Saturday, December 27, 2008

Harold Pinter (1930-2008)

The renowned British playwright and Nobel Laureate Harold Pinter died Tuesday. He was the author of more than thirty plays, including The Homecoming, Betrayal, and The Caretaker. His work focused very intensely on power relations in the personal as well as social and political spheres; his use of the pause, a notable feature of his style, was incredibly effective. Pinter was also a screenwriter (most notably for The French Lieutenant's Woman and Betrayal), actor, director, poet, and political activist and served as a vice president in PEN. His political activism started young: he declared himself a pacifist in 1948 at age 18 and refused to serve.

Arifa Akbar quotes actor Michael Gambon (Gosford Park, The Singing Detective, Angels in America) in his obituary of Pinter:

"He was a great, great playwright, and a great lover of actors. He was very supportive when we performed Betrayal. I remember one scene wasn't working well and he'd come to rehearsals every second day. He watched the run-through and said, 'The scene doesn't work because the table's in the wrong position.' He has a real instinct for theatre. It was refreshing to be in his plays. There was two miles of subtext under your feet and his dialogue was brilliant," he said.

Gambon, who is currently starring in Pinter's No Man's Land on the West End stage, said he admired Pinter's spirit in the face of illness. "He came over to Dublin for the opening. It nearly killed him, he was in a terrible state, but he didn't give up. That was three months ago. Then, he came to the Duke of York Theatre for the London opening and he went to the party afterwards and sat there," he added.

Jonathan Heawood, director of Pen, the campaigning international writer's association, said Pinter had been vice-president of the group, and showed his support until the end.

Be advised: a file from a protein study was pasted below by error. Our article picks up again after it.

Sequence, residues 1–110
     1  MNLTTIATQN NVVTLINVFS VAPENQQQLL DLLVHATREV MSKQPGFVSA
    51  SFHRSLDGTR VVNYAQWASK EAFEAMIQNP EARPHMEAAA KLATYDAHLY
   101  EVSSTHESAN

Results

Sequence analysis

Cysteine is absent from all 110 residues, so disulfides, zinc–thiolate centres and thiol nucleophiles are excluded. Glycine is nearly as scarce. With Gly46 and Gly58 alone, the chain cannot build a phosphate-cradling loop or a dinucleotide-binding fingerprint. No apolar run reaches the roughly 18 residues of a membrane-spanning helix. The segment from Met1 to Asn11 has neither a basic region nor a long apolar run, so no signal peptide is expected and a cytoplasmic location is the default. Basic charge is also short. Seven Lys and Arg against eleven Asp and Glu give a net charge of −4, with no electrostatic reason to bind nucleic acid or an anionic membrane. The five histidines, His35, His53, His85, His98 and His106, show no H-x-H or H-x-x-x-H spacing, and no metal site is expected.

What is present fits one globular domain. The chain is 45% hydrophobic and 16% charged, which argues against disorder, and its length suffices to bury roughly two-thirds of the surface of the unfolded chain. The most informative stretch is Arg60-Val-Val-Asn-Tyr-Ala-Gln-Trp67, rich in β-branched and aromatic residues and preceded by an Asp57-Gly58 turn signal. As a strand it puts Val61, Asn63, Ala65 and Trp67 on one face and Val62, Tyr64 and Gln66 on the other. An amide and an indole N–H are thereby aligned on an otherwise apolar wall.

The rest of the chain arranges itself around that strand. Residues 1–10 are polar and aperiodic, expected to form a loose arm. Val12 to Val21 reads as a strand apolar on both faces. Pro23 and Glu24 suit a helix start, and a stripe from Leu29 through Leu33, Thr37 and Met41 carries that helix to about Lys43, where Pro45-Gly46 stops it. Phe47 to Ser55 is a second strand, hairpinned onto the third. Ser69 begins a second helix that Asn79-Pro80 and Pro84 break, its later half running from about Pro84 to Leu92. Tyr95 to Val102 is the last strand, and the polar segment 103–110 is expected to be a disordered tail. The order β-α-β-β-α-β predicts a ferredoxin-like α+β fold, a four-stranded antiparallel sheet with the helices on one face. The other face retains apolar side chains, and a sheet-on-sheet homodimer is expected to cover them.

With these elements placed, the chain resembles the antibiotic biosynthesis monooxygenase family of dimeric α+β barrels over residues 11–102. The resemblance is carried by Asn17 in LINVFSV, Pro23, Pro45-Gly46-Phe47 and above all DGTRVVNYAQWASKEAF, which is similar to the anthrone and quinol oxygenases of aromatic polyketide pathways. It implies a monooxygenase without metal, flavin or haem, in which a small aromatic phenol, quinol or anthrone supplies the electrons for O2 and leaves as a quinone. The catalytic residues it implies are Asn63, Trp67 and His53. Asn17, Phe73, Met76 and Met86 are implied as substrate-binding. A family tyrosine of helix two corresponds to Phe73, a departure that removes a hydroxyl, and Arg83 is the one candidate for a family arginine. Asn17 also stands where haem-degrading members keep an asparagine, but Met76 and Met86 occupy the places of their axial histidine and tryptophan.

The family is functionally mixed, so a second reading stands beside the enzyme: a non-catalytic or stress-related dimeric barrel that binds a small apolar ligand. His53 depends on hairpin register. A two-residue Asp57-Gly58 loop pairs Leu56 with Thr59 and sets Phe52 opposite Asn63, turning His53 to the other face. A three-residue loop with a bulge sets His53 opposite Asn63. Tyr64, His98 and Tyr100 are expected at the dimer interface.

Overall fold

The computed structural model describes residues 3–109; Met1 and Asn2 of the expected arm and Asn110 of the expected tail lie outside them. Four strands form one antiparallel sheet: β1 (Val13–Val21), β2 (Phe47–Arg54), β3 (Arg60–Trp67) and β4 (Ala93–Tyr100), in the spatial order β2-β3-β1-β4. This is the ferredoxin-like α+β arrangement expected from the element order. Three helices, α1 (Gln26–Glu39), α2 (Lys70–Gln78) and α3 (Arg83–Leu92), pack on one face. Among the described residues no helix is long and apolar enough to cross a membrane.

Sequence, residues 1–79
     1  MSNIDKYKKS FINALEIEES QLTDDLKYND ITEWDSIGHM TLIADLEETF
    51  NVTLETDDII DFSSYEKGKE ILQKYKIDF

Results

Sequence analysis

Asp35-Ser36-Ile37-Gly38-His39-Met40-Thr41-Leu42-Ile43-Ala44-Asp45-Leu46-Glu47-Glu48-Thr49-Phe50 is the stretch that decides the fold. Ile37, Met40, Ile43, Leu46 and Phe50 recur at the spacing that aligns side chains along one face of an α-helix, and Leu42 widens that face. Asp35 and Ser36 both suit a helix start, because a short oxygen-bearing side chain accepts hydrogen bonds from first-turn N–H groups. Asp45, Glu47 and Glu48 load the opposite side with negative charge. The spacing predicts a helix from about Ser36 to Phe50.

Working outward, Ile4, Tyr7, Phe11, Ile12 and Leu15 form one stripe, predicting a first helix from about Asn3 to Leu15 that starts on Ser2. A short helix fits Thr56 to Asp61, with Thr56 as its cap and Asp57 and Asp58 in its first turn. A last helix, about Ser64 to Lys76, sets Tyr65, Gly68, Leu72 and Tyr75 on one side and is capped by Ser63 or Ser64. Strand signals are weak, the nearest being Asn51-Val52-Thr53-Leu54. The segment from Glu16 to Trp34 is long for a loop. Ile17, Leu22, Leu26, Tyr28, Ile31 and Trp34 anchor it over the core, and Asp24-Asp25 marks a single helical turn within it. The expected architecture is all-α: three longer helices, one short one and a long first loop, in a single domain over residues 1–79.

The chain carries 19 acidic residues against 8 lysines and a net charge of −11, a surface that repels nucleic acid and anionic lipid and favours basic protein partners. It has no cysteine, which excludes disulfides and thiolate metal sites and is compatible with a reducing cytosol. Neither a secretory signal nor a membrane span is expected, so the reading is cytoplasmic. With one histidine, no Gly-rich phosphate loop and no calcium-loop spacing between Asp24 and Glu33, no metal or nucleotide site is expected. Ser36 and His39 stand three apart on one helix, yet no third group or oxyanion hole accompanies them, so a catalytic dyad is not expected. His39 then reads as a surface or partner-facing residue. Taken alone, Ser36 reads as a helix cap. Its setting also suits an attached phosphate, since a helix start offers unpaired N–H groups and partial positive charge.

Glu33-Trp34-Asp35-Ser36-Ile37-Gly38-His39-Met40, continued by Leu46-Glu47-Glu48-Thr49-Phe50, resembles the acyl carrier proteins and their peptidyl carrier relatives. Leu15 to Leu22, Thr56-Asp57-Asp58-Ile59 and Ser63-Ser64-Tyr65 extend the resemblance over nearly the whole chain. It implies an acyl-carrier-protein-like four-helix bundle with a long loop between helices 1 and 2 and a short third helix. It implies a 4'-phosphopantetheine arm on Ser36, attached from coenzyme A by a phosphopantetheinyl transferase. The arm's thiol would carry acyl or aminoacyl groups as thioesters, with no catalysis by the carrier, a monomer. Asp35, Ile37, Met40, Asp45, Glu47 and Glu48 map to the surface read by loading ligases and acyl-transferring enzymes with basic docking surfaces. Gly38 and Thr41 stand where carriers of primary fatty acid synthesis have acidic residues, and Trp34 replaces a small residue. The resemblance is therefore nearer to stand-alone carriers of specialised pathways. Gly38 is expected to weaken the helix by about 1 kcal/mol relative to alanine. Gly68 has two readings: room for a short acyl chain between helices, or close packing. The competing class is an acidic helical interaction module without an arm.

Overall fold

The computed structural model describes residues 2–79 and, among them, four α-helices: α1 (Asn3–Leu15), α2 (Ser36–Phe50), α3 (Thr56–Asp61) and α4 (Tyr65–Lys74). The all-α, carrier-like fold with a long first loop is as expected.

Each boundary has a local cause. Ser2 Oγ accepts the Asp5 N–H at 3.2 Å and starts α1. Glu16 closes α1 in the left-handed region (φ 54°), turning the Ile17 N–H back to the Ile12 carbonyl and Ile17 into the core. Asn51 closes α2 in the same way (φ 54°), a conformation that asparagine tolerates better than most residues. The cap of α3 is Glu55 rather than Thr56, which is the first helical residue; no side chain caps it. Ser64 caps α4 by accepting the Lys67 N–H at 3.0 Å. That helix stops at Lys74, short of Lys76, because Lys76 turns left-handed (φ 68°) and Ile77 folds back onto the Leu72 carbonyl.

"One of the many memorable things he did for Pen in the early Eighties was when he and Arthur Miller went on a joint mission to Turkey. At that time, he was concerned about the state of writers and journalists' freedoms. They were being tortured. So two of the world's greatest writers got on a plane together and they were met by a young Orhan Pamuk, who would become a fellow Nobel Prize winner. He escorted them in their trip. That spirit continued right till the end.

"He turned out to a demonstration outside the Turkish embassy last year," added Mr Heawood. "Everyone was so surprised to see this figure with a walking stick coming out of a taxi on his own. Right until February this year when he turned up to see a performance by a theatre group from Belarus."

In his Nobel Acceptance Speech in three years ago (available here, he spoke not only about his creative work but also used the occasion to speak truth to power.

Political language, as used by politicians, does not venture into any of this territory since the majority of politicians, on the evidence available to us, are interested not in truth but in power and in the maintenance of that power. To maintain that power it is essential that people remain in ignorance, that they live in ignorance of the truth, even the truth of their own lives. What surrounds us therefore is a vast tapestry of lies, upon which we feed.

A good chunk of Pinter's speech examines some of the crimes perpetrated by the US over the last two decades without pulling any punches. This is the sort of confrontation we rarely hear in the US except at lectures given by the leftists like Noam Chomsky (which are never attended by anyone but leftists or undercover police). Here are the concluding words of his speech:

When we look into a mirror we think the image that confronts us is accurate. But move a millimeter and the image changes. We are actually looking at a never-ending range of reflections. But sometimes a writer has to smash the mirror - for it is on the other side of that mirror that the truth stares at us.

I believe that despite the enormous odds which exist, unflinching, unswerving, fierce intellectual determination, as citizens, to define the real truth of our lives and our societies is a crucial obligation which devolves upon us all. It is in fact mandatory.

If such a determination is not embodied in our political vision we have no hope of restoring what is so nearly lost to us - the dignity of man.

The whole speech isn't very long, and it's definitely worth a read.

Mel Gussow and Ben Brantley, Z Magazine: here and The New Times: here
Arifa Akbar, The Independent/UK: here
Michael Billington, The Guardian: here
Neda Ulaby National Public Radio: here.

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